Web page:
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Okay, so I think I’m understanding what you are talking about. That really helped me understand what your code is doing and the logic behind it. I’m going to work on something and then report back the results.

Okay, so it’s been quite a while, but I have been trying a bunch of different things. The code I’m using for the filtering isn’t much different from what I had previously other than now I’m only waiting for 1 mSec between measurements. It still only reads about 65 ish degrees when it has turned 90 in reality. I was doing some further experimentation and found that the error is linear. What I mean is that if I turn it 90 degrees and find what percentage of 90 that reading is, then I do that for 180 degrees, and then for 270 degrees, that constant is always very close. As a result, I’m thinking of setting my the gyro value that I will use to the gyroVal * experimentally_determined_constant. Does this sound like something that is okay to do, or is this fundamentally flawed?

Nope, this is common. If you are using RobotC, you can use SensorScale[gyroName] = x; to adjust the scale to match sensor values to actual values. Multiplying your values by a constant is the same.

Okay thanks. I wasn’t sure if that was okay because here we are obtaining the values by reading and interpreting the raw values. Now that I think about it though, it is probably something to do with the variances in manufacturing of these sensors. Thanks a ton!

You’re exactly right; it has to do with the sensors as built, not with how you’re reading them. All sensors have some amount of variation to the stimuli they are designed to measure. Sometimes the manufacturer provides compensation or calibration to get the measurement into a standard range. (temperature sensing diodes, resistive heaters for temperature stabilization and laser-trimmed resistors and capacitors are all typical ways that sensors response is standardized. With this particular sensor board, they didn’t do any on-board compensation or calibration; they’re counting on the user to do that. The variance for this sensor is linear( or close to, within 1 bit of measurement) so that a simple scaling of the output is all you need. What you’ve worked out on your own is pretty much what you need to do.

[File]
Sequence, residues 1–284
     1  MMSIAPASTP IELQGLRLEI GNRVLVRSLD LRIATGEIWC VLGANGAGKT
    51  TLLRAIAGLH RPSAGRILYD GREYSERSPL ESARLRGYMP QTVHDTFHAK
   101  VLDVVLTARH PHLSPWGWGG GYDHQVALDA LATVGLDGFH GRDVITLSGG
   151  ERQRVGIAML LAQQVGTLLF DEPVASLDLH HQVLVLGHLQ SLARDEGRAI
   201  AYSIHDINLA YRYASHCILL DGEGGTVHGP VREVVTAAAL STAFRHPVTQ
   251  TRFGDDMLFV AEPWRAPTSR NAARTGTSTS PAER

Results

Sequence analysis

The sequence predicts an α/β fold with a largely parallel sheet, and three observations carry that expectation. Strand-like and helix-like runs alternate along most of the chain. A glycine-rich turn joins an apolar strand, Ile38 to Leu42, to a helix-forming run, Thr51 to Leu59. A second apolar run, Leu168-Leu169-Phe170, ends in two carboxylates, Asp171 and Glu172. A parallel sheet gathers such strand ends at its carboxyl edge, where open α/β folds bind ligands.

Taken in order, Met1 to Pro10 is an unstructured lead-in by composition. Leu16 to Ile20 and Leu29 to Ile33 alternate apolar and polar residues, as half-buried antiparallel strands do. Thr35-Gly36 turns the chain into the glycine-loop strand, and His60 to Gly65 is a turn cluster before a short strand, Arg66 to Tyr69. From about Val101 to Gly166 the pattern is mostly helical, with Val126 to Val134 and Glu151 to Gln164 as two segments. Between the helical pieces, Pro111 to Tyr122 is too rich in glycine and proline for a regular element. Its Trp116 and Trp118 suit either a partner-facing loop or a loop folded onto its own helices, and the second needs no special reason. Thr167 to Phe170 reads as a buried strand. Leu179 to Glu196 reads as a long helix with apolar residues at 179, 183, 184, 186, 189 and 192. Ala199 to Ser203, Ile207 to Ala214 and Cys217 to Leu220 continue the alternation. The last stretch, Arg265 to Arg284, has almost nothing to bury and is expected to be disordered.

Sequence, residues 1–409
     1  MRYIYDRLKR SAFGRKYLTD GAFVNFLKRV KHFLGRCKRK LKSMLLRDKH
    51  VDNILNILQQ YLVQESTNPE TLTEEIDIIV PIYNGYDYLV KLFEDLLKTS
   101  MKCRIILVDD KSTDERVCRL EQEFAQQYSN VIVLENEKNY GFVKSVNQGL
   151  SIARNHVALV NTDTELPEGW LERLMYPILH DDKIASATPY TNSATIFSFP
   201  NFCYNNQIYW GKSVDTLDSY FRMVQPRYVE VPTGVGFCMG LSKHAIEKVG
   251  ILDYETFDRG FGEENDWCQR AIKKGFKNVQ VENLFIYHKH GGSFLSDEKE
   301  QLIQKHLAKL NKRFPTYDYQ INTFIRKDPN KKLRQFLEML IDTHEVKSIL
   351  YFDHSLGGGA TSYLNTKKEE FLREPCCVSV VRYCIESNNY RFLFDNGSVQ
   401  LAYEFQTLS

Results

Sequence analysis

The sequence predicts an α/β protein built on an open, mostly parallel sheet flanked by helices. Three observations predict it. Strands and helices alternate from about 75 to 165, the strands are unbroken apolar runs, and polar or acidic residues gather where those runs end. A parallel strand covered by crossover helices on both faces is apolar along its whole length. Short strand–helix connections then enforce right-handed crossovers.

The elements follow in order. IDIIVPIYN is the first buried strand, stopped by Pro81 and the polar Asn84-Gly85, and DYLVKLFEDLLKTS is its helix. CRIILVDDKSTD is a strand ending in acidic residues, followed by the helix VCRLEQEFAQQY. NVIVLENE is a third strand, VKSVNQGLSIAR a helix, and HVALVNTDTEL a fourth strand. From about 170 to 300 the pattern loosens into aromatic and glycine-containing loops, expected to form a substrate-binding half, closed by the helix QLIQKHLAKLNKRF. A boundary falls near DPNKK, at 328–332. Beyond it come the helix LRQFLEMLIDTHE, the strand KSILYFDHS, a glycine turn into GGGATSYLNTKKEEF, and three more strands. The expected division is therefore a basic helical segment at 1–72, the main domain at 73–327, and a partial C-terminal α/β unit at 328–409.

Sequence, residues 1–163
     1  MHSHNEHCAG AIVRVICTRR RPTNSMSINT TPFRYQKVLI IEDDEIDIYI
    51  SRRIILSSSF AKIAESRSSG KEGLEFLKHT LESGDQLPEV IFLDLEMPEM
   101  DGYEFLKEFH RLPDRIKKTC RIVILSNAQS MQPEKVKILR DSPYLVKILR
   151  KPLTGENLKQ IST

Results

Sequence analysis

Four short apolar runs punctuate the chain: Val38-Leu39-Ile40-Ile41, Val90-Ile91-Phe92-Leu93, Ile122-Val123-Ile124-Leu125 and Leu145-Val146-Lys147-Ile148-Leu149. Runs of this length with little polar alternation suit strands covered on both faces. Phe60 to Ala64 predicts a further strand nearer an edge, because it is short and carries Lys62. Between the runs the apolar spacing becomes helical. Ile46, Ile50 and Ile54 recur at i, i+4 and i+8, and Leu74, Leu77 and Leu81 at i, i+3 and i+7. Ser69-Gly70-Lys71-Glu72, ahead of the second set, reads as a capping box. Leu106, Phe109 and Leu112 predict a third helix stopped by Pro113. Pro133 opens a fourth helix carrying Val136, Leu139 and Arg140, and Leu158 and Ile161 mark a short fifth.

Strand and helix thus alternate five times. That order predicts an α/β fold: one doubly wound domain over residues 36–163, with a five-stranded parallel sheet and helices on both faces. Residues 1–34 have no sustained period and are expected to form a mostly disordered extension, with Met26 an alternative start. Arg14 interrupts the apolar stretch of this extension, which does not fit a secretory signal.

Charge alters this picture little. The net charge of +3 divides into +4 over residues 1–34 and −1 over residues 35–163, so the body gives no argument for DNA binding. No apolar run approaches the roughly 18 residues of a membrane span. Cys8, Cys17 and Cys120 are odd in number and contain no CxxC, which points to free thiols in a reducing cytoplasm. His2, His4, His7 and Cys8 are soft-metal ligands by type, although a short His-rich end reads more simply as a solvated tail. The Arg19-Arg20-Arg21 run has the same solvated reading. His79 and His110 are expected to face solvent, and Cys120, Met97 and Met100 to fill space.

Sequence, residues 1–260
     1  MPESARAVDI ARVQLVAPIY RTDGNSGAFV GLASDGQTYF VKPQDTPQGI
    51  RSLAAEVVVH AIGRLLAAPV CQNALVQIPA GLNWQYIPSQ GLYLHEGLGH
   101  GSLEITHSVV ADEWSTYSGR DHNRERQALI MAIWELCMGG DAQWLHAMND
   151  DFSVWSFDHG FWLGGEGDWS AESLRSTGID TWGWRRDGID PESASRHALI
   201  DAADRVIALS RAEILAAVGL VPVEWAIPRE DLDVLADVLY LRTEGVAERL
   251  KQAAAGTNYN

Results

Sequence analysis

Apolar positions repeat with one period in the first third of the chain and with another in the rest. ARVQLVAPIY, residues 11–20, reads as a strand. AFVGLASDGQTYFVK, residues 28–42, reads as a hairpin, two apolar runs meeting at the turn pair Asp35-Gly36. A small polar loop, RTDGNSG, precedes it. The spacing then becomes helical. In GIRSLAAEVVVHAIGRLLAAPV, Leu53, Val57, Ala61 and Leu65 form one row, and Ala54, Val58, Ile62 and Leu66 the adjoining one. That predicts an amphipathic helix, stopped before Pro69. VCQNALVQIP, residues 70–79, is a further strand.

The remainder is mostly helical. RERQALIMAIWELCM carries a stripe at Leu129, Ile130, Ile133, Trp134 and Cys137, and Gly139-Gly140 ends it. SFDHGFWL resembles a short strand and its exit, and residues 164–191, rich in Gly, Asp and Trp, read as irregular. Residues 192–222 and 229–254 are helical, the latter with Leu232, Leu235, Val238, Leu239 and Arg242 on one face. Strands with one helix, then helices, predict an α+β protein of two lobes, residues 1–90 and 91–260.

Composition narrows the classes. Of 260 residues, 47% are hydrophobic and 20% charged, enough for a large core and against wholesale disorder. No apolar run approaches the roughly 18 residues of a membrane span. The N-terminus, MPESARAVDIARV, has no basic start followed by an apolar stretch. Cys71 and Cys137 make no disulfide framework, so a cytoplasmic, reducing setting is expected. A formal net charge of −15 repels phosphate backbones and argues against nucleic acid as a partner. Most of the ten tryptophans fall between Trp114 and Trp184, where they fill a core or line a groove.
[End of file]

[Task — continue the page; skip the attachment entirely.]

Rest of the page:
In particular, read the section labeled “Scaling.”

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Thanks for that. I read the whole article and it was very useful. Thank you to Renegade Robotics for writing that as well.

I have updated my program, and it seems pretty accurate now. However, I now get extensive drift again. I’m not sure if that has to do with this constant that I’m multiplying by slowly increasing in error as I turn, or if it’s something else. I will do further experimentation and then post my code. Thanks to everyone that has helped me in this new venture. I couldn’t have done it without you all.

I have done lots of testing and now the code is experiencing serious drift. Here is the code that is keeping track of the actual gyro value:

``````

prevTime = time1[T1];
wait1Msec(1);
currentTime = time1[T1];
gyroValDiff = 0;
gyroRate = gyro_get_rate(mainGyro);
timeDiff = currentTime - prevTime;
timeDiffSeconds = timeDiff / 1000;
while(true) {
//writeDebugStreamLine("%d", gyro_get_rate(mainGyro) );
gyroscopeValue = SensorValue[in1];
currentTime = time1[T1];
gyroRate = gyro_get_rate(mainGyro);
timeDiff = currentTime - prevTime;
timeDiffSeconds = timeDiff / 1000;
gyroValDiff = gyroRate * timeDiffSeconds;

gyroValue += gyroValDiff;

finalGyroValue = gyroValue * mainGyro.gyro_offset_constant;
if(finalGyroValue < 0) {
finalGyroValue = 360 + finalGyroValue; //add because gyroVal is currently negative to reverse that value
gyroValue = finalGyroValue / mainGyro.gyro_offset_constant;
}
else if(finalGyroValue >= 360) {
finalGyroValue = 360 - finalGyroValue;
gyroValue = finalGyroValue / mainGyro.gyro_offset_constant;
}
prevTime = time1[T1];
wait1Msec(1);
}

``````

Everything else is identical to the way that @jmmckinney had it in his online repository. Any suggestions on how to fix this? As far as I can tell, the constant I have is pretty accurate.

This is somewhat difficult to follow without the context of the rest of your code. What are the types for your variables in this task? Do you make sure to run the calibrate routine before you use the sensor? There are pieces of code missing that could be contributing to your issue that would be helpful to see in order to help diagnose the issue.

Also, have you tried testing your sensor on someone else’s code, or have you tried testing your code with another sensor? That could help determine if the issue is programmer error or a bug vs an issue with the hardware itself.

Sorry about that. I do run the calibration routine and it works as expected - I can see the values in the debugger after its completed calibration.